Assertive mustard, smoked salmon and hearty rye bread team up to create an all-grown-up grilled cheese sandwich with sophisticated flair. If desired, low-salt Swiss cheese can replace Gruyère if you’re trying to limit your sodium intake. For more nutritional bang, look for rye bread that lists whole rye flour as the first ingredient instead of wheat flour.
8 thin slices dark rye bread 1 1/2 Tbsp (30 ml) grainy or creamy Dijon mustard 4 oz (115 g) smoked salmon 1 cup (250 ml) sliced roasted capsicum 1 cup (250 ml) grated Gruyère cheese 1 cup (250 ml) rocket 1 1/2 Tbsp (30 ml) unsalted butter, room temperature
Heat cast iron pan over medium heat.
While pan is heating, arrange sandwiches. Lay out 8 slices of rye bread and spread each with an equal amount of mustard. Top 4 slices with smoked salmon, roasted pepper, cheese and rocket. Place remaining bread slices on top, mustard side down and butter tops with half the butter.
Place sandwiches in pan, in batches if necessary, butter side down. Cook until bottom sides of bread are toasted. Spread remaining butter on top side of the sandwiches, flip over and press down on them with spatula. Continue cooking until both sides are toasted.
To serve, slice grilled sandwiches in half.
Each serving contains: 1478 kilojoules; 20 g protein; 17 g total fat (7 g sat. fat, 0 g trans fat); 33 g total carbohydrates (3 g sugars, 5 g fibre); 698 mg sodium
source: "Cooking With Mustard", alive Australia #16, Winter 2013
A tribute to the bounty and beauty of nature, this chocolate bark is studded with nuts, seeds, and berries and flavoured with the warming spices of ginger and cinnamon. Adding sweet paprika and chili also gives an interesting kick to a winter favourite. Cut back on the red pepper flakes if you prefer a less spicy version. Chocolate contains tryptophan—an essential amino acid—that helps our brain produce serotonin. Eating chocolate is a delicious way to get a mood boost, which can help lift our spirits when sunlight levels are low. Food of the Gods In the taxonomy of plants, the cacao plant, from which chocolate is derived, is called Theobroma cacao. Theobroma comes from Greek for “food of the gods.” Cacao comes from the Mayan word for the plant.
Up your omega-3 intake with these easy-to-make salmon parchment pockets. The sockeye fillets are first rubbed with a marinade of juniper berries, citrus zest, and garlic before being enclosed in parchment. Juniper has a strong and piney flavour and lends a unique tang to this dish. It also contains antioxidants with anti-inflammatory properties. Be sure to capture the juices that arise during steaming. No mortar and pestle? Crush juniper berries by laying them between two sheets of parchment and bashing them gently with a rolling pin.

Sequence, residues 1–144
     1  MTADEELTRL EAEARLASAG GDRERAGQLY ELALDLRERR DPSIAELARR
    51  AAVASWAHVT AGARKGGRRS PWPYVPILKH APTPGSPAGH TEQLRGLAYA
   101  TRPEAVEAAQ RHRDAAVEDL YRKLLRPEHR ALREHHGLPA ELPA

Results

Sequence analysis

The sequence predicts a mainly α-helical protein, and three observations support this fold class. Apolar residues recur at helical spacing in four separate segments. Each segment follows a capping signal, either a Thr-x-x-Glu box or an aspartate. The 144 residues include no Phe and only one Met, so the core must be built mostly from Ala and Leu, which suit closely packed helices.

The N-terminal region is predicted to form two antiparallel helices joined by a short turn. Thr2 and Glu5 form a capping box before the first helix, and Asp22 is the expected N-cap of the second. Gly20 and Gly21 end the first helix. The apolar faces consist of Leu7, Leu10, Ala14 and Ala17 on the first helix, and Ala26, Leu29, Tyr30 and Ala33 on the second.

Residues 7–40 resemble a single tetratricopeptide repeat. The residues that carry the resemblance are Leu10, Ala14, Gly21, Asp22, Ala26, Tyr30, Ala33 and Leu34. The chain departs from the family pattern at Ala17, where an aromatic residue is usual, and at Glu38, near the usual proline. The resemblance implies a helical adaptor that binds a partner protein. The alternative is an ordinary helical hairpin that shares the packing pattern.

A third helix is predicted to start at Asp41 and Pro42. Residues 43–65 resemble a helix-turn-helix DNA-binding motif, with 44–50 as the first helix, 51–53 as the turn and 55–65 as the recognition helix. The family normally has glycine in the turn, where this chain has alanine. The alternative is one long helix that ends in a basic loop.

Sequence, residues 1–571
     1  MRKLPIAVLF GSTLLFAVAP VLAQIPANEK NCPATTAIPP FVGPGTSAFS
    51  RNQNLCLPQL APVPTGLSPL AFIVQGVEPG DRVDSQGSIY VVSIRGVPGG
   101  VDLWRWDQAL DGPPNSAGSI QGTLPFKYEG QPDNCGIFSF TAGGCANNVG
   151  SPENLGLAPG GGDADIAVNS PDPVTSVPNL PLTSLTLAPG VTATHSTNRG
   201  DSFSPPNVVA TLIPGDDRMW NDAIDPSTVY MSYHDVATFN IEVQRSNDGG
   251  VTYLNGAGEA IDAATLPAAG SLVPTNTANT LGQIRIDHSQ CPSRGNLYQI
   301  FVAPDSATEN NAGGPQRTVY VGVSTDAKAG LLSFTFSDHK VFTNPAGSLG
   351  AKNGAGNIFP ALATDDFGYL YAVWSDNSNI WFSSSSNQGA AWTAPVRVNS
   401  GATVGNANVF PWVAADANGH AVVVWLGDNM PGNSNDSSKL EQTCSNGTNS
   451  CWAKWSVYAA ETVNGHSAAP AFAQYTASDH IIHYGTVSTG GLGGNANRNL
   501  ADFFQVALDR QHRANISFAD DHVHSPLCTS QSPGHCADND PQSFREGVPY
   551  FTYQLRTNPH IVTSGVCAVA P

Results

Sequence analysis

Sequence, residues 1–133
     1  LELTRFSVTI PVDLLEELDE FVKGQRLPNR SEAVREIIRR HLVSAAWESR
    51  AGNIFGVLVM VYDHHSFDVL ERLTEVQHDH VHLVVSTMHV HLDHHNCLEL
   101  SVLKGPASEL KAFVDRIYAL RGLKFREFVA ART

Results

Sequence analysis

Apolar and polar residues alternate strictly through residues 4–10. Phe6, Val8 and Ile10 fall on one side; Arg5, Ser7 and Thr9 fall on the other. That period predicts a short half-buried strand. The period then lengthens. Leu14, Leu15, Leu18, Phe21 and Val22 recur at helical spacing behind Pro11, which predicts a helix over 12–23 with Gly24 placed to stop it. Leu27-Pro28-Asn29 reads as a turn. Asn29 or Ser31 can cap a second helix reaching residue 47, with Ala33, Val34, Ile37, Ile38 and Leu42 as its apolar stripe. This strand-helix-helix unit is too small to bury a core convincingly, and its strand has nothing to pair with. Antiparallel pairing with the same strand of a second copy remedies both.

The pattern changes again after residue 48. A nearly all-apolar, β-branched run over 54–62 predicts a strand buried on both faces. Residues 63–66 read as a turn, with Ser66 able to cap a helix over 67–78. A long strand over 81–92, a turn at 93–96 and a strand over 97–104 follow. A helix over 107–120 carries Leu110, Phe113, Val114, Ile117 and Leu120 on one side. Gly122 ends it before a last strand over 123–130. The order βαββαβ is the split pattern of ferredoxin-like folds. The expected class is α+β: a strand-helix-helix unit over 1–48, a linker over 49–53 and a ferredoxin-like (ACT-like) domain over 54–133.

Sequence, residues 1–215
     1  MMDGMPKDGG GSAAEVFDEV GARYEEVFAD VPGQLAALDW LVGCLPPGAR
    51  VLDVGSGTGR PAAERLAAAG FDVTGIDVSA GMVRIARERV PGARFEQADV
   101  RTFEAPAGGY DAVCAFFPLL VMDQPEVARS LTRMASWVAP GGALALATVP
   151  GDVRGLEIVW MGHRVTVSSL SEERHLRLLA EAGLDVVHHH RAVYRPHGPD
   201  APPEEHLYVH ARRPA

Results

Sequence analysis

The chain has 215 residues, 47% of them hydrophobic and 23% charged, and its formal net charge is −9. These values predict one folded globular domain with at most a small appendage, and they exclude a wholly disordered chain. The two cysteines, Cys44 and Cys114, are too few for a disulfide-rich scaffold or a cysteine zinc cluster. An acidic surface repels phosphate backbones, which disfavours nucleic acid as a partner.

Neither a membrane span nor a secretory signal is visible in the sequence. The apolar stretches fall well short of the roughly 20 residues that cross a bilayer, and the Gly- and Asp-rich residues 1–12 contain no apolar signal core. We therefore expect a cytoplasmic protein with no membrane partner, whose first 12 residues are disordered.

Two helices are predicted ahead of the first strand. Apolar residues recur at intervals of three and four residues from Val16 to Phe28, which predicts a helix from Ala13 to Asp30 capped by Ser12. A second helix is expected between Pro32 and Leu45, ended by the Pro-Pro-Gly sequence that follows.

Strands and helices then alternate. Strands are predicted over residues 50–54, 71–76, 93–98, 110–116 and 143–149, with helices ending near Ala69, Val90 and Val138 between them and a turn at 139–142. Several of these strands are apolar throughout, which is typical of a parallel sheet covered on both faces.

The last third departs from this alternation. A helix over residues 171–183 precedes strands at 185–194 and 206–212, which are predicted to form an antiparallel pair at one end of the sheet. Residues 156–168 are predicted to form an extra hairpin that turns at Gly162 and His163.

Escarole is a bitter green that stands up to heat and is suitable for grilling, braising, or using in soups. In this salad, it’s broiled with radishes before being dressed in a sweet, garlicky dressing that cuts the bitterness. Escarole is high in folate (vitamin B9), important in red blood cell formation, and vitamin A, important in immune function and eye health. Like kale and other cruciferous vegetables, it’s also very high in vitamin K, which assists in blood clotting. Bitter green substitutes If you can’t find escarole, use frisée (also called curly endive), mustard greens, or radicchio. Romaine also stands up to heat well and makes a good substitute, but it lacks the characteristic bitterness of the others.
In Japan, it’s a custom to eat kabocha squash on the day of the winter solstice as a symbol of good health. In fact, kabocha squash contains cancer-fighting antioxidants such as beta carotene and lutein. It’s also full of fibre and vitamins A and C. We’ve made a roasted version dressed in a sweet and tangy marinade that’s sprinkled with sesame seeds before roasting in the oven. The remaining marinade, full of ginger, tamari, and red pepper flakes, is used as a dressing to further flavour the squash. Know your squash You’ll recognize kabocha squash by its dark green rind and round shape. Its yellowish-orange flesh is sweeter than other types and has been likened to a cross between sweet potato and pumpkin. The rind is quite hard but is edible when cooked. Wash squash well and take care while cutting. You can microwave the whole squash for 4 to 5 minutes prior to cutting to help soften the rind and make things a bit easier.